All the blame cannot be laid at the doorstep of the print media. CNN's war correspondent, Christiane Amanpour, was critical of her own network for not asking enough questions about WMD. She attributed it to the competition for ratings with Fox, which had an inside track to top Administration officials.
Despite the apologies of the mainstream press for not having vigilantly questioned evidence of WMD and links to terrorists in the early stages of the war, the newspapers dropped the ball again by ignoring for days a damaging report in the London Times on May 1, 2005. That report revealed the so-called Downing Street memo, the minutes of a high-powered confidential meeting that British Prime Minister Tony Blair held with his top advisers on Bush's forthcoming plans to attack Iraq. At the secret session Richard Dearlove, former head of British intelligence, told Blair that Bush "wanted to remove Saddam Hussein through military action, justified by the conjunction of terrorism and WMD. But the intelligence and facts were being fixed around the policy."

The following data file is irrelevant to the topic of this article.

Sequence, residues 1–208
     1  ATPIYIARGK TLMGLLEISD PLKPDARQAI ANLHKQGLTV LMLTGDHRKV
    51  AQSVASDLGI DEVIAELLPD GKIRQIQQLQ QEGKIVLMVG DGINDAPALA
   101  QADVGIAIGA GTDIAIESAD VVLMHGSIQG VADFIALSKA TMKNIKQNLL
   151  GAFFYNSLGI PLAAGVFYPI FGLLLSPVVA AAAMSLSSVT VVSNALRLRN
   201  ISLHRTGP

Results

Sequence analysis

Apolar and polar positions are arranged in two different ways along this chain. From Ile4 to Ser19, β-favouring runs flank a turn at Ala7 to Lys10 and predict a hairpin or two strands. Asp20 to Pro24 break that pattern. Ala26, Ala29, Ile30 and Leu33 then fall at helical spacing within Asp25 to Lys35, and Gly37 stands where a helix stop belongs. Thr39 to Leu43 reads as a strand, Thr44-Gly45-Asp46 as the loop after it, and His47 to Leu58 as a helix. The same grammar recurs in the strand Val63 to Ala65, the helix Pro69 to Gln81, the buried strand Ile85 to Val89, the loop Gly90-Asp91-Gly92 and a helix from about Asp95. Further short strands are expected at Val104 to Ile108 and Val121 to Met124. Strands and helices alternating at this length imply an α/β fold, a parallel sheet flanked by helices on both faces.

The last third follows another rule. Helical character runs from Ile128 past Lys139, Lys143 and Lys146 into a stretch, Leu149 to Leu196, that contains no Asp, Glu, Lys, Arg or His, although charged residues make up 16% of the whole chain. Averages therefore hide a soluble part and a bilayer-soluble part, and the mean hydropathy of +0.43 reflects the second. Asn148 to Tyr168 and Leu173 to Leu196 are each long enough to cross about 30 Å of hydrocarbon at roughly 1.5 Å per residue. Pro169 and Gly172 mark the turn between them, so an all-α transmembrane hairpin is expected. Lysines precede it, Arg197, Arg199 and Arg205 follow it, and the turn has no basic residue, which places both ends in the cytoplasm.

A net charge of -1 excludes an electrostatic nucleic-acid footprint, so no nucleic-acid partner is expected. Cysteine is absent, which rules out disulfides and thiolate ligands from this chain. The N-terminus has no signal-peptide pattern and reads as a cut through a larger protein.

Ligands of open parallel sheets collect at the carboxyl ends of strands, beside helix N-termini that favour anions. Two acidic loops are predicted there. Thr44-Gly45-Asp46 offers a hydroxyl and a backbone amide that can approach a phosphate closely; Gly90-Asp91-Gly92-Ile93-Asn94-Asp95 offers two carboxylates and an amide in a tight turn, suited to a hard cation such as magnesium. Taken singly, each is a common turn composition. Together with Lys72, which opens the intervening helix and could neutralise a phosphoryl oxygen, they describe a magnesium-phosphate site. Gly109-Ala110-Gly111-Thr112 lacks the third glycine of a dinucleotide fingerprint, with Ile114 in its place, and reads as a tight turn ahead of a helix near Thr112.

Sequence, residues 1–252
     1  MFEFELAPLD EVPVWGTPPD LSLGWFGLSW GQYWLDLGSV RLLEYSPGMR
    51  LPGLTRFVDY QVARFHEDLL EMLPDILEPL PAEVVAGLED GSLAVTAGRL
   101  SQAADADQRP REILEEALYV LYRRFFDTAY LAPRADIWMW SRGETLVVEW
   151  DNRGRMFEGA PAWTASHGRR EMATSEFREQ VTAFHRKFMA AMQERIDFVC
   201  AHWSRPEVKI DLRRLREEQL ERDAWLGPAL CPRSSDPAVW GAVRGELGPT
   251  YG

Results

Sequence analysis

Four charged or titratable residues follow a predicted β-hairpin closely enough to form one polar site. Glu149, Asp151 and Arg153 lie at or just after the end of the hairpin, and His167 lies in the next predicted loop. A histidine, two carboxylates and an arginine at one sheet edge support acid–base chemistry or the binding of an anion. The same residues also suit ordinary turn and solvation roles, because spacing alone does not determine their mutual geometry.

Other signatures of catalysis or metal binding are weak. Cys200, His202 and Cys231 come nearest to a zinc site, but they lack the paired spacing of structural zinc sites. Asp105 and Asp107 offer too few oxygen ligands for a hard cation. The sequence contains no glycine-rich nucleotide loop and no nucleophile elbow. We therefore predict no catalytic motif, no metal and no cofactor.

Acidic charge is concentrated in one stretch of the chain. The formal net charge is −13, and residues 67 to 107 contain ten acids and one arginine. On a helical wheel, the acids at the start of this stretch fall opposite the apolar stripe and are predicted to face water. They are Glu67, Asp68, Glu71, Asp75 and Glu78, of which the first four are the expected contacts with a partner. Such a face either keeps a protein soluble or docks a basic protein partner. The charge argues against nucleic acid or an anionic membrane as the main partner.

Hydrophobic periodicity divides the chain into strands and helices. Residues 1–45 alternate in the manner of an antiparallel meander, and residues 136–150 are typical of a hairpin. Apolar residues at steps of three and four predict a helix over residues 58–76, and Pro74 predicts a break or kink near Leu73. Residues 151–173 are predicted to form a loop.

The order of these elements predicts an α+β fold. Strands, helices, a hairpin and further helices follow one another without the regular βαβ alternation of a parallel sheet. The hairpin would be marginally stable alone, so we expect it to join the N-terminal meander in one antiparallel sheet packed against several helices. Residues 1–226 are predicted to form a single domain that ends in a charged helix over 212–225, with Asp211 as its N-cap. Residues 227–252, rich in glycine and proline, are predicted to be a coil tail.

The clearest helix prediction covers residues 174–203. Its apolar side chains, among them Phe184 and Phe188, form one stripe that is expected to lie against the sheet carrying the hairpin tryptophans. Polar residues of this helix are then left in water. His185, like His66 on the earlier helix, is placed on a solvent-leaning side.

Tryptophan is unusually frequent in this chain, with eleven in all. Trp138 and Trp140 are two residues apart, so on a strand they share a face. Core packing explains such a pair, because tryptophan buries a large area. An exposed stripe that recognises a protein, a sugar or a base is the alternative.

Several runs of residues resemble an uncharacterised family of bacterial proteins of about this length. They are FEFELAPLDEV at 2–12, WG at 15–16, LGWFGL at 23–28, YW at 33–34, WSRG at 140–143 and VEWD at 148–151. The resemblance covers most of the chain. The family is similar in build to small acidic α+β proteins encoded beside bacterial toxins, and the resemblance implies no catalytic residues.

The Downing Street memo was a bombshell when discussed by the bloggers, but the mainstream print media ignored it until it became too embarrassing to suppress any longer. The Post discounted the memo as old news and pointed to reports it had many months before on the buildup to the war. Los Angeles Times editorial page editor Michael Kinsley decided that the classified minutes of the Blair meeting were not a "smoking gun." The New York Times touched on the memo in a dispatch during the last days leading up to the British elections, but put it in the tenth paragraph.